July 11-24, 1983

Monday, July 11: DAY ONE-HUNDRED-THIRTEEN (9 ½ hrs)

First unit call sheet, July 11, 1983

First unit call sheet, July 11, 1983

Second unit call sheet, July 11, 1983

Second unit call sheet, July 11, 1983

Wednesday, July 13: DAY ONE-HUNDRED-FIFTEEN (7 ½ hrs, 9 hrs)

Thursday, July 14: DAY ONE-HUNDRED-SIXTEEN (2 hrs)

The flight to Zihua was quite an experience – an old twin-engine Convair which seemed to crawl rather than fly.  It took two hours to make the usually fifty-minute flight.  The airport at Zihua was closed – no transport.  We wound up hiring two airport maintenance pick-ups into town – like a hayride – we had seventeen squeezed into ours.  A hot, humid night, clear sky.


After checking in (to a filthy room) a bunch of us grabbed a cab into town – to a bar called Coconuts.  In the end, only five of us remained; myself, Gordon, John Stirber, Ros and Anne.  We wound up at a little café.

Saturday, I was on the beach with Fred and Nancy.  Anne joined us.  We wound up at the bar at the Villa del Sol.

Me on the beach at Zihua, John Stirber in background

After a lot of swimming and sun, everyone went to crash later in the afternoon.  I slept ’til almost eight.  Went down the hall to Ron Downing’s room to see if he was going along to Los Tortugas, a restaurant in town.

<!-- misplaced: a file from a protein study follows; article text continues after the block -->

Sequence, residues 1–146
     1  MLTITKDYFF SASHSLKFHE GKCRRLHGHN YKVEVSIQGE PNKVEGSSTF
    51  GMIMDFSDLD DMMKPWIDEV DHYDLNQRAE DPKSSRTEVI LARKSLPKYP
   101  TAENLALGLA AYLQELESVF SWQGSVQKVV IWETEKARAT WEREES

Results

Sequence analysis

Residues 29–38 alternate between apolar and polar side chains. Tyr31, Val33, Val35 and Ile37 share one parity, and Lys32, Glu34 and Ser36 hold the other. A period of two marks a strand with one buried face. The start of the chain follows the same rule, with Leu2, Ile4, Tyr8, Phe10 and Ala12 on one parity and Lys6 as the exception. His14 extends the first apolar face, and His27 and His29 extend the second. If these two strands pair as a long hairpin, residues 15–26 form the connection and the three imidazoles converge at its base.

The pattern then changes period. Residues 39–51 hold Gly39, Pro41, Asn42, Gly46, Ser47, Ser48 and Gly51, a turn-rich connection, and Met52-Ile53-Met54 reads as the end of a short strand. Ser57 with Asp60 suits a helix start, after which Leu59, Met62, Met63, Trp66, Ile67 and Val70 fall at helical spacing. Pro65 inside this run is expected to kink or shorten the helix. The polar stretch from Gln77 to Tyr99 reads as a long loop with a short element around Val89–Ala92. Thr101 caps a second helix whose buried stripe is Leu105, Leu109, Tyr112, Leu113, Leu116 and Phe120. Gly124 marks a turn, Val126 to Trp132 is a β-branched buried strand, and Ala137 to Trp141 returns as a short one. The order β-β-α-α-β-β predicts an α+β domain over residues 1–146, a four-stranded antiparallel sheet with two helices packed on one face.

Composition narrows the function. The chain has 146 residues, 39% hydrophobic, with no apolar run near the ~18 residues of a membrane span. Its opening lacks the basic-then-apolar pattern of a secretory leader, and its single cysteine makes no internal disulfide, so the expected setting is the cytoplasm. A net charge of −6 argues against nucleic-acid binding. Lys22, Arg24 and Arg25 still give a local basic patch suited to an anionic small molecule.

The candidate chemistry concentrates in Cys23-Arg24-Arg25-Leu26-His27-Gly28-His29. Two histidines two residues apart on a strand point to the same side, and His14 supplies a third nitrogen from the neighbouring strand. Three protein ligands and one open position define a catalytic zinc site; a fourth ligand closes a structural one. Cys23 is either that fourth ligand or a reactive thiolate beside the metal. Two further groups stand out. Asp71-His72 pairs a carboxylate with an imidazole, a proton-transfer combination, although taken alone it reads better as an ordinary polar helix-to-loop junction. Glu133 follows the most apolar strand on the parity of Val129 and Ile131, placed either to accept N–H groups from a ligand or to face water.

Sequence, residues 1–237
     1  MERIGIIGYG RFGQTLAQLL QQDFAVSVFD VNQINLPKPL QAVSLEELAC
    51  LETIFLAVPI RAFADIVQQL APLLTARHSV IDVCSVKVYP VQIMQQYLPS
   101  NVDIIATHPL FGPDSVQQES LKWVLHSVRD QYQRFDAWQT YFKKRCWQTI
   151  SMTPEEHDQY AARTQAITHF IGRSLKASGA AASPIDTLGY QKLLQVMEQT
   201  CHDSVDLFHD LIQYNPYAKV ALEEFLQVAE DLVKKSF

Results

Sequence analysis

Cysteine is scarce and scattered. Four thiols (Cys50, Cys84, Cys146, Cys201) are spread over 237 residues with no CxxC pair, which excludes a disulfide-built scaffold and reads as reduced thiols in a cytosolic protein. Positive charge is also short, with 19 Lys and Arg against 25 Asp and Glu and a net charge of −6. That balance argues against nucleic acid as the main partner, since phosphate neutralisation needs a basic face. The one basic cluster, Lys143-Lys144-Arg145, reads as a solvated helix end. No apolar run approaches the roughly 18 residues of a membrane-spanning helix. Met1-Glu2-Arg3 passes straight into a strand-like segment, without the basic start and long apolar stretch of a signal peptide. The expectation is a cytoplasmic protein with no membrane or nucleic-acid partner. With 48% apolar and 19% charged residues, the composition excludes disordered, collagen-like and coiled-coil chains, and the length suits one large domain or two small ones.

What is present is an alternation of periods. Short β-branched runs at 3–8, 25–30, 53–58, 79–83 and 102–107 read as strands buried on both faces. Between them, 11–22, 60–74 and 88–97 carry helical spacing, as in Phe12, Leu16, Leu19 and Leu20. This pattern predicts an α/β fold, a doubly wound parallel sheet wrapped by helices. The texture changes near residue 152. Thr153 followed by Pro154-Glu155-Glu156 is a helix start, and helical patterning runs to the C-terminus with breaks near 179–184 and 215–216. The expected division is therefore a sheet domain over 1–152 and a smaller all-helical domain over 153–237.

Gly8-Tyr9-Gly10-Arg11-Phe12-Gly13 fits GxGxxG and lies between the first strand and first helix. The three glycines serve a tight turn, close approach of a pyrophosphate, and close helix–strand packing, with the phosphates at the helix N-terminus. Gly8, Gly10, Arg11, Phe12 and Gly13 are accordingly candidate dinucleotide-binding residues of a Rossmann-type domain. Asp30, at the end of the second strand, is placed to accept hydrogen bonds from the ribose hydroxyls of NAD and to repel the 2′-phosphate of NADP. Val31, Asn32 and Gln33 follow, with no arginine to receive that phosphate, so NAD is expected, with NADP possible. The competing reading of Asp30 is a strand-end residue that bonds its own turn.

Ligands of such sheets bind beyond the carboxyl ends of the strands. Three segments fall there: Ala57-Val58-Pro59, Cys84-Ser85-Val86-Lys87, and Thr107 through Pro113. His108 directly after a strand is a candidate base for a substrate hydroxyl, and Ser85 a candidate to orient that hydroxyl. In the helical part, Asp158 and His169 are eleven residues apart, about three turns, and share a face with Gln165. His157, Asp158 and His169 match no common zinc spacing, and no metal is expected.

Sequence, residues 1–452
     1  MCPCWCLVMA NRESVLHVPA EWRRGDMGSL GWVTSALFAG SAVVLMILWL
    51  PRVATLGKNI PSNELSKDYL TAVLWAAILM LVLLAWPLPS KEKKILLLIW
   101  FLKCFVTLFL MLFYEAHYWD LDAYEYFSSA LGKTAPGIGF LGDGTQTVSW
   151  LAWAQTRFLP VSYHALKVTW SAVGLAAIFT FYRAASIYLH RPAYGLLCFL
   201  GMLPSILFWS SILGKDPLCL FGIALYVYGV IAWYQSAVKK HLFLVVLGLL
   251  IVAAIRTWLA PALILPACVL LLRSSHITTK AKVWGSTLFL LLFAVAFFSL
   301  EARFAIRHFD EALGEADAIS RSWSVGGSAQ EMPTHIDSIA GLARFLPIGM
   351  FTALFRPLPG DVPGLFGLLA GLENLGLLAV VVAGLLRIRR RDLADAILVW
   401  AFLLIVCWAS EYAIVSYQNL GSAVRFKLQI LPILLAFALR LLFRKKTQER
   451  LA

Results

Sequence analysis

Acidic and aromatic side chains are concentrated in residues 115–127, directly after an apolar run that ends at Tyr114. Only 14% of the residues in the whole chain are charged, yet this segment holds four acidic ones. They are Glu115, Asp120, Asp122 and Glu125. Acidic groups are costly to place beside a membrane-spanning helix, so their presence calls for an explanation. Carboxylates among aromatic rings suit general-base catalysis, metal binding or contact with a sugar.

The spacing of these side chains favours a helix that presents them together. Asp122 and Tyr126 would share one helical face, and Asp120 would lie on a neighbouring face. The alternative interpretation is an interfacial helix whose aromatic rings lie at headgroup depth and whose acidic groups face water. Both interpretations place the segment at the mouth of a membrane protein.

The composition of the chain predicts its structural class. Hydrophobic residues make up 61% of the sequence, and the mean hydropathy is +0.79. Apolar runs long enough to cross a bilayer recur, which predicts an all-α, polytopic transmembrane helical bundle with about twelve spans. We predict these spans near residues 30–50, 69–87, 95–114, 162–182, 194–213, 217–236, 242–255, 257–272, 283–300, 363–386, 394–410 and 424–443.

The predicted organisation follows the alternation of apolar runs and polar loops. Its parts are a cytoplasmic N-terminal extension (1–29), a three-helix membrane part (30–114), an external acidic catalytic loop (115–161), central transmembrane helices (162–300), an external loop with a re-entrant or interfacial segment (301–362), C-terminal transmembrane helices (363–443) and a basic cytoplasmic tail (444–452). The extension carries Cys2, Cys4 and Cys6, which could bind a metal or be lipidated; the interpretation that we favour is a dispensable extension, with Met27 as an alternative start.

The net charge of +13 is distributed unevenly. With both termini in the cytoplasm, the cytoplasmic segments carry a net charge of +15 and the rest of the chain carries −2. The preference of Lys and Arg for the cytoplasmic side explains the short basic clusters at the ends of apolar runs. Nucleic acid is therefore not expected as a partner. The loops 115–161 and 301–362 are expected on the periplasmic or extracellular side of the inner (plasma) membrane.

Everyone gathered in the hotel bar, then we headed off for supper.  No cabs.  We started walking down the hill.  Somehow, a pickup was appropriated.  The others were still waiting for a table.  It was pretty crowded.  Very pleasant.  A big meal of fresh crayfish.

From there we walked over to Coconuts.  We headed for the disco (a tiny place, thatched, open to the sea, music not too loud).  I danced a lot with Karla – a very likeable redhead down here with the effects people (she’s an old biker’s girl, complete with tattoos), staying on long after most of the others had left.

On the plane out on Friday, a joke got started at Ian Woolf’s expense.  He was told (by Len Barnard and Mary, the accountants, backed up by Golda) that we weren’t planning to return from Zihua until Raffaella agreed to meet our terms about improving work conditions.  He swallowed it whole.  On Saturday Mary spent some time trying to convince him that it was a joke.  He wouldn’t believe it.  Seeing his job on Conan II in jeopardy, he bought a ticket and flew back to the city Saturday evening – much to everyone’s merriment when we learned of it on Sunday.

Hotel Sotovento, Zihua

Zihua was a gorgeous break.  Far too humid – but the sea was warm and clean and the location beautiful.  I swam a lot, drank quite a bit.  And despite my intentions, hung out with Dune people all weekend (the only ones I actually avoided were Anatol and Marie).

Anatol has become a pain in a new way.  He’s now treating me like a hired writer.  He’s gone beyond that annoying “how much do you want for the script?”  Yesterday he had the gall to say he must read what I’ve written so far because he has no idea what I’m cooking up and he has to check it.

He further pissed me off by giving Marie “permission” to keep the copy of the article I lent her – completely oblivious of the fact that it’s not his to give.  I only want people who count to have a personal copy (David has one, and Jack, and Catherine) – Marie isn’t special to me, she has no connection to David, or to Eraserhead – there’s no reason for her to keep one (everyone else who’s borrowed it has given it back when they’re through).